This article first appeared in the St. Louis Beacon. - You will love Linda Mueller’s impossible worlds whether or not you know her intentions and process. They are delightful and bizarre. As part of the “Altered Reality” exhibit at PHD Gallery, Mueller skillfully combines multiple images to create still life constructions through magic called Photoshop.
Mueller’s surreal scenes are not fragmented like collage. Her photo layers merge seamlessly, as she deconstructs surfaces and rebuilds them to her fancy.
Mueller connects her work to Georges Braque’s still lifes. Mueller’s photographs do not appear as cubist, though the presence of faceted geometries is striking in her compositions. It is Braque’s manipulation of art materials for compositional effect that inspires Mueller’s approach to the objects she employs in her tableau scenes. An added dimension of fun comes in the knowledge that each of these images is a portrait of someone Mueller knows. Here a cigar is definitely not just a cigar and every bent and skewed ornament is ripe for analysis.
Opposite Mueller’s still life portraits are Emily Stremming’s photography as fiber arts creations. Stremming destroys her photographs to make them whole. She cuts two images into long, even strips and weaves the images together, making choices about the dominant scene as she goes.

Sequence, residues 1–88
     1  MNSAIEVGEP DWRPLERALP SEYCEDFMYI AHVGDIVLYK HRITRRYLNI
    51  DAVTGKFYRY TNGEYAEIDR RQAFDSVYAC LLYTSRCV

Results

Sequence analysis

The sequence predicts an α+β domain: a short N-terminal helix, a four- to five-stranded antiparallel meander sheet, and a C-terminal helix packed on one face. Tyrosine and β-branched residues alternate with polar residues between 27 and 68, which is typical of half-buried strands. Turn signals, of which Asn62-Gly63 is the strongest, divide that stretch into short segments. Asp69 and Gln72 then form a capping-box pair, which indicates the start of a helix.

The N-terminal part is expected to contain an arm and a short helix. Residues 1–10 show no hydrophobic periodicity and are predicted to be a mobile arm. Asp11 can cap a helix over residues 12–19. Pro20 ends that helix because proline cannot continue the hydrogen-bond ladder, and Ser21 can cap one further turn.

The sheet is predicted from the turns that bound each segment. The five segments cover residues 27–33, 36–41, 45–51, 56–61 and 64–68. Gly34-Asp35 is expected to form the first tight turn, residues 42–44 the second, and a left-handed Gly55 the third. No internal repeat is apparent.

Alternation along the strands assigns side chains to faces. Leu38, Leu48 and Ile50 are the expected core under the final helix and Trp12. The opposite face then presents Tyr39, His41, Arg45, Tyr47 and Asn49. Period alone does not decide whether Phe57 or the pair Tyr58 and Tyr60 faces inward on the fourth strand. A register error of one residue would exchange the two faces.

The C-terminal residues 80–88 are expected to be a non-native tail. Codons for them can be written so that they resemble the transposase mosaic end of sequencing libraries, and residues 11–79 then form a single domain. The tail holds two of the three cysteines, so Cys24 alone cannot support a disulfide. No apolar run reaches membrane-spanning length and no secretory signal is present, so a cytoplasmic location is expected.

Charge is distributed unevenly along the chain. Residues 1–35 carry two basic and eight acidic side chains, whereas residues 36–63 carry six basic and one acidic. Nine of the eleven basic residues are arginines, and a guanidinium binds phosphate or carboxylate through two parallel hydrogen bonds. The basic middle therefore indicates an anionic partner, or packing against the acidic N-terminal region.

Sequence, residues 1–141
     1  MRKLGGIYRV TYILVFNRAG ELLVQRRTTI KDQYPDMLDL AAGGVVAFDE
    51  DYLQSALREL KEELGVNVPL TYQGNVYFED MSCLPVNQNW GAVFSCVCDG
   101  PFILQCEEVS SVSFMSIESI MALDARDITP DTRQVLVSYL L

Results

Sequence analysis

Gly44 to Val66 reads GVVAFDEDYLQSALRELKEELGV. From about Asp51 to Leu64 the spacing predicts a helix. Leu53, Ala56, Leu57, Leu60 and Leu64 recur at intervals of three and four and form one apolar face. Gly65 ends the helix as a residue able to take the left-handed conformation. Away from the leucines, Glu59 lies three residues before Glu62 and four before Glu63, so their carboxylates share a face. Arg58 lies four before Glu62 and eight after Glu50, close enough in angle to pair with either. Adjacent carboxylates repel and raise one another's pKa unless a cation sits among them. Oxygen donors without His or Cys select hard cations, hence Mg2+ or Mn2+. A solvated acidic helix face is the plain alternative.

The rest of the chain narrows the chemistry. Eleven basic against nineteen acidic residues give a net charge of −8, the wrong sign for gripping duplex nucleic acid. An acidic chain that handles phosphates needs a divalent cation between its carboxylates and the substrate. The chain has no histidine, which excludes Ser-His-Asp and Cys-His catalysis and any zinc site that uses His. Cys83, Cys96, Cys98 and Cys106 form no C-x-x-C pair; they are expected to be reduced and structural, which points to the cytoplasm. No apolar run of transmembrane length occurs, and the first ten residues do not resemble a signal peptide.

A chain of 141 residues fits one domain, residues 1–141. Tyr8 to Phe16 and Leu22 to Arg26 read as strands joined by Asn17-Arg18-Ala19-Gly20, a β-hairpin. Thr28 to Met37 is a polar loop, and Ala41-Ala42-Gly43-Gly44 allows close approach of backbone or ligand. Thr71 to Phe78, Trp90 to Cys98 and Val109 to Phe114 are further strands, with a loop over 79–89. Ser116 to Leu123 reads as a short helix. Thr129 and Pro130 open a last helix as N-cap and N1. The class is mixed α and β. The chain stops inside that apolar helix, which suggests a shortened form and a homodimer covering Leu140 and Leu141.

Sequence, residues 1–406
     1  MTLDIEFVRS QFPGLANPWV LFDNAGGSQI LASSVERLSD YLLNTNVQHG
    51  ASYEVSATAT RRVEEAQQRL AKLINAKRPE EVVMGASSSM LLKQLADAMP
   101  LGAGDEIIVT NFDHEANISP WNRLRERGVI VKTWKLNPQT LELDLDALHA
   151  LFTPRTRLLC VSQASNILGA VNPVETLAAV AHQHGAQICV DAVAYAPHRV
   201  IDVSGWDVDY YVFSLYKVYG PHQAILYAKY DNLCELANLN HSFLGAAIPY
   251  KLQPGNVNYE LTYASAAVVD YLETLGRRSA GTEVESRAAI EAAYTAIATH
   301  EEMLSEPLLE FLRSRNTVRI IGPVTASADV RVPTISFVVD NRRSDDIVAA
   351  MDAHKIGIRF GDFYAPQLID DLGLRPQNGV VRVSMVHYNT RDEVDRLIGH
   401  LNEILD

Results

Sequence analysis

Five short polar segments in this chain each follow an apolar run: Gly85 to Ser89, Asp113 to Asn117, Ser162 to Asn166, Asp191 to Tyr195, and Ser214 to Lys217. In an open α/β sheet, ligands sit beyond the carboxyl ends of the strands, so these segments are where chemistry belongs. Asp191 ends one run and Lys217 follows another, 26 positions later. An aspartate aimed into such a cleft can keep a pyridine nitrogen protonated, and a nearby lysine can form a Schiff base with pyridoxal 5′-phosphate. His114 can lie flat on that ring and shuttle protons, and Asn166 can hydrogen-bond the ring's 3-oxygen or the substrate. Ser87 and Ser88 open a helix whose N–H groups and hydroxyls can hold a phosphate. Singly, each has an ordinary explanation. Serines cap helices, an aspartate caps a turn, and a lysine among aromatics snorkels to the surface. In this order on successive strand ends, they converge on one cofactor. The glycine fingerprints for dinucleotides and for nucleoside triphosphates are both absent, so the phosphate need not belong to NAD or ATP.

Stremming has an eye for unusual vantage points of well-known locations. Her photograph Powell Square shows the Gateway Arch through the skeletal remains of a partially demolished building. This unusual point of view makes the gleaming metal icon small and inconsequential. Stremming’s woven photographs range from just slightly obscured street scenes with legible hints of location to highly abstracted combinations, as in Indoor Parking.
Philip Hitchcock has put together a very interesting exhibition here. The work of these two photographers couples well, each acting as a foil for the other. Hitchcock’s salon style hanging in the tight PHD Gallery space successfully forces the relationship. Mueller’s perfectly crisp images shine brighter when facing off with the illusion of seeing through a window into a rainy day created by Stremming’s woven photos.
Both artists have employed inventive means to create painterly illusions. Their laborious efforts are completely successful and worth a visit to the ever-interesting East Cherokee.